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Life and Vegetables

springtime in Eau Claire is for get-up-and-growing

Hope Greene, illustrated by Serena Wagner

My children both sing more in the winter than they do in the spring. Spring seems to be for screaming; that shrieky life-shout swirling in a bubbly sound-stew out of the playground. If plants made a sound when greening I think it’d be that playground sound. Instead, plants have a smell. When spring arrives, trees spread leaves, grass greens in sheets, bulbs pierce the surface, and altogether they make a smell that hits you in the brain like a polar plunge; electric and unavoidably alive. Getting a pre-smell of that is a reason to start seeds. So is a wish for your own tomatoes in Wisconsin, or the yearly February thirst for unfrozen dirt.

Each year since we moved to Eau Claire with its slow, cold spring heave, we’ve started seeds in the kids’ bright bedrooms. When we began here, our yard was almost bare; since then we’ve planted thousands of plants and that means seeds – lots of them. This particular year the first and most difficult step in seed-starting has been to pry my children from their screens; in the winter they latch onto screens like lampreys. I find a liberal application of potting soil to their heads is usually enough to separate them from whatever ghastly candy-colored creature is pretending to teach them something at that moment.

When spring arrives, trees spread leaves, grass greens in sheets, bulbs pierce the surface, and altogether they make a smell that hits you in the brain like a polar plunge; electric and unavoidably alive.

Then, wetting the seed-starting mix into a mushy mess, it is unavoidably, smearily dirty – a thing easy to forget over the winter. It’s not crumply-Christmas-wrappings dirty, or overturned-vat-of-scattered-Legos dirty. Not even your overfull-laundry-baskets dirty. We are talking dirt dirty – in the hands of winter-bored children. The kind that takes your soapy water, laughs, and hits you back with soapy mud. The kind of dirty that the entire unfrozen world is made of. This is about when the kids start to show a real interest in the project.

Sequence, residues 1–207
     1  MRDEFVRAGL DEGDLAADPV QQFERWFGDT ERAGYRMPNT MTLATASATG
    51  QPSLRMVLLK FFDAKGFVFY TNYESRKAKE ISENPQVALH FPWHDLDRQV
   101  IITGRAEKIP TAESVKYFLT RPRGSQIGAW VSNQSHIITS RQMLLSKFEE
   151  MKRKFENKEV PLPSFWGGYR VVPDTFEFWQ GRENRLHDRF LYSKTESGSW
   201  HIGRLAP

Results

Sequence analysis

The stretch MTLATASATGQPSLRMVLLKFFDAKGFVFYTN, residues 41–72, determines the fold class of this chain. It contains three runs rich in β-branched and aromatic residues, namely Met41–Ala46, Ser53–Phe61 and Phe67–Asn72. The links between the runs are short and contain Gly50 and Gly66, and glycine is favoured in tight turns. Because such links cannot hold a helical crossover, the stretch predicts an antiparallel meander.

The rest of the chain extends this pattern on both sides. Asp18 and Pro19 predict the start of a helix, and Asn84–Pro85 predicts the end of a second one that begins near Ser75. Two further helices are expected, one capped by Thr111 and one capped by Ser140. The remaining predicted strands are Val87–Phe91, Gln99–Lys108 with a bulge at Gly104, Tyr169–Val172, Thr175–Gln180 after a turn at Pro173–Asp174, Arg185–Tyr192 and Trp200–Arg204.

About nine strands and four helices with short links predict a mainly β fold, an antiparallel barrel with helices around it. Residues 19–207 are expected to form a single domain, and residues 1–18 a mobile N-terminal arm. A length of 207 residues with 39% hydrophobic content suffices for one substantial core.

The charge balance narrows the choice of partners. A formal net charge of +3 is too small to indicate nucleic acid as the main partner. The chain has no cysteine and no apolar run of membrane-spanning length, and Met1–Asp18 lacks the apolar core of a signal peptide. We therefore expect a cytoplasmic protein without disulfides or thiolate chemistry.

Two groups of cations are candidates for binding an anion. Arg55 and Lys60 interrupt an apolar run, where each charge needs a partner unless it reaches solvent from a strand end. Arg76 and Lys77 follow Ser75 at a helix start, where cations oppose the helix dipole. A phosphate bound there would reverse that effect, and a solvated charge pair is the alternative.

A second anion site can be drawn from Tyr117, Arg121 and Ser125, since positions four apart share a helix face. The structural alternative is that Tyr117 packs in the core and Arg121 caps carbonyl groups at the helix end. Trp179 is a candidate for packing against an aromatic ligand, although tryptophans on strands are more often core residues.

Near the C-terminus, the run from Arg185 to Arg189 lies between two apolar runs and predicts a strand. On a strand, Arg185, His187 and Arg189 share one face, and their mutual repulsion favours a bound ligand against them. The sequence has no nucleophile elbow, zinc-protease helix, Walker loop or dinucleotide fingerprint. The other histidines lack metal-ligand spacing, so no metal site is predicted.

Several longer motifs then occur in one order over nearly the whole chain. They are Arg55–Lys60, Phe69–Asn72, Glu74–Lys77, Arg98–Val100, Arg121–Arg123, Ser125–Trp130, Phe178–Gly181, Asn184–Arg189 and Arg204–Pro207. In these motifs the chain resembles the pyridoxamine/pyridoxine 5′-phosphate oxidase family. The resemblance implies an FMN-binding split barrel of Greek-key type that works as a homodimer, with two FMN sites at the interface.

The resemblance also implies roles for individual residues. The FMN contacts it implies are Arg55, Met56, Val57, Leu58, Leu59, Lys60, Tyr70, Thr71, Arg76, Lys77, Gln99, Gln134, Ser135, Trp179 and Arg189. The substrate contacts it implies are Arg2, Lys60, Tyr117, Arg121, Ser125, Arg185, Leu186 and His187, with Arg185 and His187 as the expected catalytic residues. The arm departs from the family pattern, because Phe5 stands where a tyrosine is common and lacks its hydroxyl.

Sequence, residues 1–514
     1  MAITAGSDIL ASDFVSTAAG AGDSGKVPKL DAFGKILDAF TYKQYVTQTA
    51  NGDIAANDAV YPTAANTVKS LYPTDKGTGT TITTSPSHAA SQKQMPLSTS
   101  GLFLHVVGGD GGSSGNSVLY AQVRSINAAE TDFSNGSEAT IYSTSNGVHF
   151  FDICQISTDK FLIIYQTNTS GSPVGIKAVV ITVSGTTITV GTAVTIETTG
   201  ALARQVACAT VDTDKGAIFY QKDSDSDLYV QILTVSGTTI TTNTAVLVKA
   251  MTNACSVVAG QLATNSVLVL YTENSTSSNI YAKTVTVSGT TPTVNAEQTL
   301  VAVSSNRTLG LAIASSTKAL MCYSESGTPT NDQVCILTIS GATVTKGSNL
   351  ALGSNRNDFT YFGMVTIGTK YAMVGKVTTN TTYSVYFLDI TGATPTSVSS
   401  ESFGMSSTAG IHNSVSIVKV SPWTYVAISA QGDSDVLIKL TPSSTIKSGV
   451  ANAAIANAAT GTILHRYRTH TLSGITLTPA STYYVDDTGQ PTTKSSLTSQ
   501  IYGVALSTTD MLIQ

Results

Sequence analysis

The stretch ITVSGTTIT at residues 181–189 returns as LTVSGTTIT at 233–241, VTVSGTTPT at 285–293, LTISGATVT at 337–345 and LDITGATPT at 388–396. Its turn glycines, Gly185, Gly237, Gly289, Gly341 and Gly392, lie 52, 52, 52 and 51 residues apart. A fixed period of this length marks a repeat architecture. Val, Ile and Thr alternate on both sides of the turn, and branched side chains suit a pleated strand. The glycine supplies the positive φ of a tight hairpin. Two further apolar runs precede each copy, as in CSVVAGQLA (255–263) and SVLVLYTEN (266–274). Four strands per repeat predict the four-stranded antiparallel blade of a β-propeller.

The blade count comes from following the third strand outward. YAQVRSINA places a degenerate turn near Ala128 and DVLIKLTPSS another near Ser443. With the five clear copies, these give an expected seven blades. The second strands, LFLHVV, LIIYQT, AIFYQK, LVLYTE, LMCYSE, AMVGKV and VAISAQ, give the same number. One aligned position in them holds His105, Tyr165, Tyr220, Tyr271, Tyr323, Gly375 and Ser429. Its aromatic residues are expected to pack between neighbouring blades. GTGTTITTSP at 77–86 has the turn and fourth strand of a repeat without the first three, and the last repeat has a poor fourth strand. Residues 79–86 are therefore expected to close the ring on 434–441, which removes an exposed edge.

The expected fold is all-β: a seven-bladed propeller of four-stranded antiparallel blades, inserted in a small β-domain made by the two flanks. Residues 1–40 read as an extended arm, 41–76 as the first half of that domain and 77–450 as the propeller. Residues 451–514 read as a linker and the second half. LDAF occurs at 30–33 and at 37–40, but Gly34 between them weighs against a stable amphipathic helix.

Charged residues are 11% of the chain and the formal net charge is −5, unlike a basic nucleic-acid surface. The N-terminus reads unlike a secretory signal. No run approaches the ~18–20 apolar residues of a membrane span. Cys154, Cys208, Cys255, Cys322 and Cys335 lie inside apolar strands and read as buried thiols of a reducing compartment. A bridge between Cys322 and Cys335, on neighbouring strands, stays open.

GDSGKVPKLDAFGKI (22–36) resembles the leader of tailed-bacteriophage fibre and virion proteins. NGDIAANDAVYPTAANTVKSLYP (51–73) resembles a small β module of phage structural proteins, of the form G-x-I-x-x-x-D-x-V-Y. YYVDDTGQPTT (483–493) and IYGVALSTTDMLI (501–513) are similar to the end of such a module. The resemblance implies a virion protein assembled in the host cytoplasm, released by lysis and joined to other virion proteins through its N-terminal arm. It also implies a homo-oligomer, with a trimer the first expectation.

The next thing is to create a little spring in your house, with a fan for the wind, central heating for the sun’s nearing, and twice-daily water for the rains. And then the seeds wake up. That is the most exciting day of all the seed-starting days, the day where the thready little sprouts pop out. First, the one thin line of green, then more and more until it’s a little nursery of green fuzz made up of almost invisible filaments. The muddy life-smell explodes inside the house while the solid yard is bone-frozen just outside the glass. My girl – who can only really remember this happening once, maybe twice in her entire life – is incandescent with excitement. She names every seedling.

Mommy blogs keep telling me that if my children plant and grow vegetables, they will eat vegetables. I find instead that if my children plant and grow vegetables, they will adopt vegetables. She refuses to pick a zucchini until it is well past muskrat sized, saying, “He doesn’t want to leave his friends.” Or he yanks a “family” of strawberries out from under my knife with searing accusation, “Did you take those from the store or from their home?!” My husband remembered eating the radishes he planted when he was five. So we planted radishes. My children did not eat the radishes. They carved little faces into the radishes and coddled and cooed over them until the radish imp heads turned all wrinkly and dry and received solemn burials in our increasingly robust compost pile.

If spring is rebirth, our compost heap is redemption. Into its messy depths goes every failure and every hollow rind. It takes little “Seedy,” “Two-leaf,” “Trundle Bean,” and all the other seedlings that fell to the damping-off disease. It takes the elaborate potting mix mudscape collected from the kitchen floor, the unused seeds, the fallen apples. No guilt necessary, the compost heap recycles and the game will begin again. Next year the wrinkly radish imps will feed us all.

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